FIG. 2a is a sequence diagram of a learning phase (topographic information acquisition and manual adjustment);

FIG. 2b is a sequence diagram of the learning phase (calculation of degree of instruction performance);

FIG. 3 is a sequence diagram of a traffic control phase;

FIG. 4 is a flowchart of the process carried out by a geographic requirement skill analyzer;

FIG. 5 is a flowchart of the process carried out by an AIS session classifier;

FIG. 6 is a flowchart of the process carried out by a response speed estimator;

FIG. 6a is a supplementary flowchart of the process carried out by the response speed estimator;

FIG. 6b is another supplementary flowchart of the process carried out by the response speed estimator;

FIG. 7 is a flowchart of the process carried out by an instruction observance degree analyzer;

FIG. 8 is a flowchart of the process carried out by an instruction target skill analyzer;

FIG. 8a is a flowchart of another process carried out by the instruction target skill analyzer;

FIG. 9 is a flowchart of the process carried out by a geographic E map generator;

FIG. 10 is a flowchart of the process carried out by a course predictor;

FIG. 11 is a flowchart of the process carried out by a traffic control risk simulator;

FIG. 12 is a flowchart of the process carried out by a traffic risk evasive action determiner;

FIG. 13 is a flowchart of the process carried out by a traffic risk evasive action explorer;

FIG. 13a is a supplementary flowchart of the process carried out by the traffic risk evasive action explorer;

FIG. 14 is a flowchart of the process carried out by a traffic control instruction arranger;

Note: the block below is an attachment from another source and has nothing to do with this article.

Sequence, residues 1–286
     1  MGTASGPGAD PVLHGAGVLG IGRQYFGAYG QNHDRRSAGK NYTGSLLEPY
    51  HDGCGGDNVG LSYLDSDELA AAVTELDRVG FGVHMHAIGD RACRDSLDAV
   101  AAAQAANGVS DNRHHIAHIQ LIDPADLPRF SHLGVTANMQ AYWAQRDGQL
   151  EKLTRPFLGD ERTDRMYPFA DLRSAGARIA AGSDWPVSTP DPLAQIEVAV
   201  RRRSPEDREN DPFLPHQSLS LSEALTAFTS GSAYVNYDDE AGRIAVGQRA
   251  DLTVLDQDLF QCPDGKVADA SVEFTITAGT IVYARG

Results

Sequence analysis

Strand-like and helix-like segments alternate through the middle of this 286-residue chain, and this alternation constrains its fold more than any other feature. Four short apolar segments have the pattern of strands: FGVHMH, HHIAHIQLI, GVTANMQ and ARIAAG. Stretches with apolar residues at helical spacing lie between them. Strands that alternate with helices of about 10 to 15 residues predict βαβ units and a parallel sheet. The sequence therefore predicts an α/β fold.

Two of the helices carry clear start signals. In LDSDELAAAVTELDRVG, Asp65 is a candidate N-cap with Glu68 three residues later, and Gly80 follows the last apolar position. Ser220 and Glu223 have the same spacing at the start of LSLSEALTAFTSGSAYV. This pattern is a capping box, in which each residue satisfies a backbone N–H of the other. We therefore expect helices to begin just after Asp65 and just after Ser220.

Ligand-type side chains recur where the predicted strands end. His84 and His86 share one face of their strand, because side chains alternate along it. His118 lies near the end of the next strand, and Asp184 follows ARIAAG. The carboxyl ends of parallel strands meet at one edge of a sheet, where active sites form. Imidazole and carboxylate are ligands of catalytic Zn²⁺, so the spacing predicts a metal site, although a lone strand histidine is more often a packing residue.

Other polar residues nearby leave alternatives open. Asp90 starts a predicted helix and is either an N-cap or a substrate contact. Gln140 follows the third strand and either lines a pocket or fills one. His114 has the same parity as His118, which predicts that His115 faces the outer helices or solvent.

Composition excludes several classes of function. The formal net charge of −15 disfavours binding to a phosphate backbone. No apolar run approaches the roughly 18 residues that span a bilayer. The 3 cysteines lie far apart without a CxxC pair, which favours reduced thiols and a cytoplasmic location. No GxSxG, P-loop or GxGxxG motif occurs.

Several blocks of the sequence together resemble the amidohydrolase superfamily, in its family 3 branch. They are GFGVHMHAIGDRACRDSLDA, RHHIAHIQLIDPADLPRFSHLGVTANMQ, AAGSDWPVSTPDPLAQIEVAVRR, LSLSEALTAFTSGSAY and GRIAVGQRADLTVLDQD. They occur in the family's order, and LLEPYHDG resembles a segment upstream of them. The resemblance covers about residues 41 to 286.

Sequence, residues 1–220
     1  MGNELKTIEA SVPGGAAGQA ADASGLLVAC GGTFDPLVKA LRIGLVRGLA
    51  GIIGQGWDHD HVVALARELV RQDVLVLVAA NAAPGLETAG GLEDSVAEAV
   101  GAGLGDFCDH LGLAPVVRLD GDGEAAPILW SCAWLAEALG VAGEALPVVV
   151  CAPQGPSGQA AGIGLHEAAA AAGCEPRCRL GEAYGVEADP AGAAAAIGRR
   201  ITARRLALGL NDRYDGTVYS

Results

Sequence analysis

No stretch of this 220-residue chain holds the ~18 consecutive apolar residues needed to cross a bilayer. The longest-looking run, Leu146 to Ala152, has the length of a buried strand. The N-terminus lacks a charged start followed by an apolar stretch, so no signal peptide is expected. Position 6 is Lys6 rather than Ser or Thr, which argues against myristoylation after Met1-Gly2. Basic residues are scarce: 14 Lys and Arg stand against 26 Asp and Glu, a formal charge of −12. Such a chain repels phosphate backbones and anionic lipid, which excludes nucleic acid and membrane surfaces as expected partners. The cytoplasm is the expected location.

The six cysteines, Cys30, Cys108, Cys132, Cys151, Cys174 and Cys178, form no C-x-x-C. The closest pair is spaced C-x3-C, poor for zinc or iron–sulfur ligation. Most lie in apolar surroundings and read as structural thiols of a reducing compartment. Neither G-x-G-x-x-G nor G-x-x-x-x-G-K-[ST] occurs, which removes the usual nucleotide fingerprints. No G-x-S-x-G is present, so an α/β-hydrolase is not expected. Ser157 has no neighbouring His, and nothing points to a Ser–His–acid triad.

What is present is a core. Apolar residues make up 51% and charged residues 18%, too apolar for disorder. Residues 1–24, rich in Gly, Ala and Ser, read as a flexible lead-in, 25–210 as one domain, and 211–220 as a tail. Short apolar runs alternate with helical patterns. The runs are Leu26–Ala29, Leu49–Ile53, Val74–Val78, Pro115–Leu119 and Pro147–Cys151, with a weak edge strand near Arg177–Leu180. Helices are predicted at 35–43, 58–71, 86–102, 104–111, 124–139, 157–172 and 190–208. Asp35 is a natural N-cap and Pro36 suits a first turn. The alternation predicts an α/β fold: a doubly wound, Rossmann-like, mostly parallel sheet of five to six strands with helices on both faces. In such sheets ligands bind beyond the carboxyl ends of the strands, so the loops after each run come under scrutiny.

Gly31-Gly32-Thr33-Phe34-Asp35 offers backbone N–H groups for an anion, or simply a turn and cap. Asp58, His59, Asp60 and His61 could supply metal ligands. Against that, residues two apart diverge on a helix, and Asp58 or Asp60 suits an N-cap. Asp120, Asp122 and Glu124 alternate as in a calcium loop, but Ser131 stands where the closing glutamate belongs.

FIG. 15 is a conceptual view of a method for determining a response speed Tr in the response speed estimator;

FIG. 16 shows a session table in the AIS session classifier and the data structure of session data in a session DB;

FIG. 17 shows the data structure of an instruction responsiveness DB;

FIG. 18 shows an example of a method for calculating a ship having a risk of collision with a ship A in the procedure of the response speed Tr;

FIG. 19 shows the data structure of coordinate AIS data;

FIG. 20 shows the data structure of traffic control instruction distribution data;

FIG. 21 shows the data structure of a ship information DB;

FIG. 22 shows the data structure of a geographic information DB;

FIG. 23 shows the data structure of a geographic E map DB;

FIG. 24 shows the data structure of a course prediction DB;

FIG. 25 shows the data structure of accident risk data;

FIG. 26 shows the data structure of an evasion method instruction;

FIG. 27 shows the data structure of the evasion method instruction and evasion order instruction data;

FIG. 28 shows an example of a user interface; and

FIG. 29 is a block diagram of a data use/application system.